NEHGS president Brenton Simons recently proposed an “Ancestral Gallery” – a series of paired portraits of staff members with their ancestors and relatives, to hang in the building’s staircase. Jean Powers coordinated the effort with staff members who could contribute pictures for the first exhibit. The gallery debuted before our recent annual meeting. I was one of the staff who contributed a picture of an ancestor, and so for these last few weeks I have seen a large picture of myself next to my ancestor, followed by several colleagues, on my way up the stairs! The exercise was also another great example of reaching out to local organizations and distant relatives for material.
Elizabeth is the earliest ancestor for whom I have found a photograph.
The ancestor I picked was my great-great-great-great-grandmother Elizabeth (Eaton) Larned (1790–1890) of Dudley, Massachusetts, the last centenarian in my family. I had acquired a scanned photograph of hers as a result of my challenge of finding family photos a few years ago, after contacting local historical societies in my great-grandmother’s hometown of Dudley. While not the oldest ancestral photograph (this was taken around 1890, just before she turned 100), Elizabeth is the earliest ancestor for whom I have found a photograph. (Earlier photographs are of ancestors born after 1790, but taken in the 1840s and ’50s.)
The problem was that the photograph needed to be at a higher resolution than the image I could provide. I contacted Linda Braniff, who had kindly e-mailed the photograph three years ago. She told me the picture was sent to her by Gregg Estabrook in Ohio, who I then e-mailed and left my phone number. He called me the same day.
Gregg turned out to be my father’s fourth cousin: I descend from Elizabeth’s eldest son Thomas, while Gregg descends from her eldest surviving daughter (also named Elizabeth). Gregg and my father even shared a small amount of DNA, as they showed up as a match on AncestryDNA, with a predicted kinship of …. fourth cousins! Gregg had a lot of family photographs, many of which were scanned on his Ancestry Tree. Sure enough, he was able to send me a high resolution of our common ancestor Elizabeth, but he also sent me the back, which identifies the photographer in neighboring Webster, Massachusetts (which happens to be where my parents live today).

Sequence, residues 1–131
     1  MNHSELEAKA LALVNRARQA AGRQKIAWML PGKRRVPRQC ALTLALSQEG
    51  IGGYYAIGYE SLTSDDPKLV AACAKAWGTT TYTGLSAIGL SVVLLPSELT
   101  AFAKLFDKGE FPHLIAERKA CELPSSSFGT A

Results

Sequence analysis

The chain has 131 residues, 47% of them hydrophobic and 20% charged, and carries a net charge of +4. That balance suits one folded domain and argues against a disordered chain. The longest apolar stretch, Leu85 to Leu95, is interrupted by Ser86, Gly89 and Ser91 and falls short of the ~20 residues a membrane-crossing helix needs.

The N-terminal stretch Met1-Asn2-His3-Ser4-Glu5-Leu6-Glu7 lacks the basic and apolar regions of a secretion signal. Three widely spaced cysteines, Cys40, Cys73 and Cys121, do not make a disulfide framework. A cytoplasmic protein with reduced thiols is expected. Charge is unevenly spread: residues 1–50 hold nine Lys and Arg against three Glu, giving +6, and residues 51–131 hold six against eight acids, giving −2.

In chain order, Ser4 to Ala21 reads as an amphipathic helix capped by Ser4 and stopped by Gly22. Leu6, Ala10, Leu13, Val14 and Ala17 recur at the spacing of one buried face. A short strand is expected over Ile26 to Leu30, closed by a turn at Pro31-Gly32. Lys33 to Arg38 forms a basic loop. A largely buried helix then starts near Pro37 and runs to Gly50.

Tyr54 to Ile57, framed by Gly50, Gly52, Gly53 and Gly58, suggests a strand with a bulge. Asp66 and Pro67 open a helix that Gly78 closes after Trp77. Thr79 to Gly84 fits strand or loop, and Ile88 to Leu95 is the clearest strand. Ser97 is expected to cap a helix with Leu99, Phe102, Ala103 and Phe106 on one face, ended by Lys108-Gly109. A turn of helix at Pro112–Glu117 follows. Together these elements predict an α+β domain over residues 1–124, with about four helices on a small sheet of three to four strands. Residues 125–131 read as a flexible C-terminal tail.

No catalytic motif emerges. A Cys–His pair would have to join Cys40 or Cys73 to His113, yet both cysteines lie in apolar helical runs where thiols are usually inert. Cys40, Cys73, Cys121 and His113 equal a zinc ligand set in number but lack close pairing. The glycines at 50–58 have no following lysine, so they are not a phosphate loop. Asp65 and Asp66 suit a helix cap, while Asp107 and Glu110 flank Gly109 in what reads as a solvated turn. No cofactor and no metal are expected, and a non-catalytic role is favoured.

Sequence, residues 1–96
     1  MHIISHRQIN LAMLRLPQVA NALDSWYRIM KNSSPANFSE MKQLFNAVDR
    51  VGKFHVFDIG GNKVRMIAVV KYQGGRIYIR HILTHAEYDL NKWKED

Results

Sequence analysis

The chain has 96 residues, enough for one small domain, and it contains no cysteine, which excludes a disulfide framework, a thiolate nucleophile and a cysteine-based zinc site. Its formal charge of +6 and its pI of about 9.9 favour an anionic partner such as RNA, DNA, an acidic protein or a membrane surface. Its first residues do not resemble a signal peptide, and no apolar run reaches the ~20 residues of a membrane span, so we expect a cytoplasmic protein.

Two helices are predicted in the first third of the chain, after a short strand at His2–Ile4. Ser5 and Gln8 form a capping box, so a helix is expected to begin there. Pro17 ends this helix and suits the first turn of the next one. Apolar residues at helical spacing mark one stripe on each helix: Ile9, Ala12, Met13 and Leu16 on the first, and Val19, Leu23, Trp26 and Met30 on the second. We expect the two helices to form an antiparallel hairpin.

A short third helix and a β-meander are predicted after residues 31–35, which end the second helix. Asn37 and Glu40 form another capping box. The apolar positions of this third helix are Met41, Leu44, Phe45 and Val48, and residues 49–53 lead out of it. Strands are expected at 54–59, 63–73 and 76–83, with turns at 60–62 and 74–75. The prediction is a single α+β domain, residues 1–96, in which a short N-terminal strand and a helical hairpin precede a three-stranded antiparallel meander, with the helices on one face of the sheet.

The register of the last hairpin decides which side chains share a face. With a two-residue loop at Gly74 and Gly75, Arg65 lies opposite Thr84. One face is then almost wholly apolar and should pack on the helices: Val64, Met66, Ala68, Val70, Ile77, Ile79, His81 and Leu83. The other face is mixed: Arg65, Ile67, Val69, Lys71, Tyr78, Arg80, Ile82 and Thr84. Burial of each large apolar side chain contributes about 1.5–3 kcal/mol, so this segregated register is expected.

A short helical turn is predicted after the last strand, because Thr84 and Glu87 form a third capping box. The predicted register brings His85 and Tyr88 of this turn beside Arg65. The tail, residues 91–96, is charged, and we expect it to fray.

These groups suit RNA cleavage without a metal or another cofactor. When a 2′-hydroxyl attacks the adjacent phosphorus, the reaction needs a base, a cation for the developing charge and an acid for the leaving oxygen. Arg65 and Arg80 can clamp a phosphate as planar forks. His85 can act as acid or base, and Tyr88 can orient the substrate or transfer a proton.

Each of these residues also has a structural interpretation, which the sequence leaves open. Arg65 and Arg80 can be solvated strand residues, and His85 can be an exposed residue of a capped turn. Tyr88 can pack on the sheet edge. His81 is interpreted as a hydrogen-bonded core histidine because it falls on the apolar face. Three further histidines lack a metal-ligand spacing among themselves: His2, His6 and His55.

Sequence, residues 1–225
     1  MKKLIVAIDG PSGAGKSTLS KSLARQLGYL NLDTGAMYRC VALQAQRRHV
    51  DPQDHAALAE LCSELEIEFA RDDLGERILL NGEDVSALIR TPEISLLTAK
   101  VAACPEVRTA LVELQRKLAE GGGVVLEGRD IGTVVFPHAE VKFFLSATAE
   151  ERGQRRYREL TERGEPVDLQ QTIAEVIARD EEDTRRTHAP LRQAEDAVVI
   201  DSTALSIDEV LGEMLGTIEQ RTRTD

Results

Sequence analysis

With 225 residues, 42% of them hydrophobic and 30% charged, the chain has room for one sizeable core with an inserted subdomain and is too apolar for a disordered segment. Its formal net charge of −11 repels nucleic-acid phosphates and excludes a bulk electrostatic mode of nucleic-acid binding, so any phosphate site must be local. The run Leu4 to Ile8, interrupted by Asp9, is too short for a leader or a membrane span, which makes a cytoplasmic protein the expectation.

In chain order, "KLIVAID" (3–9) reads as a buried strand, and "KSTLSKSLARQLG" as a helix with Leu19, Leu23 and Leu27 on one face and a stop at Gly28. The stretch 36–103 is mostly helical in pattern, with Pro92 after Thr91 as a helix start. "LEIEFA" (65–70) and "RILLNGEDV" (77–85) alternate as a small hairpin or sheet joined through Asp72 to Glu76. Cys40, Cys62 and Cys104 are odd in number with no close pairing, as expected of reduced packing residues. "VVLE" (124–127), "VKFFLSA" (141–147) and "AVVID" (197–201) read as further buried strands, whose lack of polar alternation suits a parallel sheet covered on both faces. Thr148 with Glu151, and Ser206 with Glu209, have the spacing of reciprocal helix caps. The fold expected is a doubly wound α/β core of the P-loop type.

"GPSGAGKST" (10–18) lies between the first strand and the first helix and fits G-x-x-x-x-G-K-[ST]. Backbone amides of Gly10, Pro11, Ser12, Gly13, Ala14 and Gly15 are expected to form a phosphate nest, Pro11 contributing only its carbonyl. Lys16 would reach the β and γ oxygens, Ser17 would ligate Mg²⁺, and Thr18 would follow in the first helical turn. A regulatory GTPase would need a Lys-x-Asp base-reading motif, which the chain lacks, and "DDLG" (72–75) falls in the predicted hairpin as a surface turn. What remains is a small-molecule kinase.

He also sent me a bonus picture, of spectacles belonging to Elizabeth’s husband – my great-great-great-great-grandfather Colonel Morris Larned (1786–1878). I was quite pleased indeed. I of course shared my genealogical research on our common ancestors with Gregg as well.
Our last common ancestors – Morris and Elizabeth – were born just before and during the administration of George Washington! Yet thanks to making contact with a fourth cousin once removed, and several states away, I now have pictures of two artifacts to remember them!
Gregg wanted to add: “I was fortunate enough to have inherited tons of pictures and family history information. I haven’t had to do a lot of traditional research, because so much was handed to me already documented. Unfortunately, often times when people get this sort of information, if no one at that time is interested in being caretaker, it all goes to the scrap heap.
“Thanks to the World Wide Web, commercial companies like Ancestry, and now public resources like AmericanAncestors.org, there is a venue for sharing this information with others, whether distant cousins or generations yet to come who may find it interesting. Your story is just one example. I would encourage anyone else who finds themselves inheriting this type of information to make it publicly available, as you never know who may benefit from it.“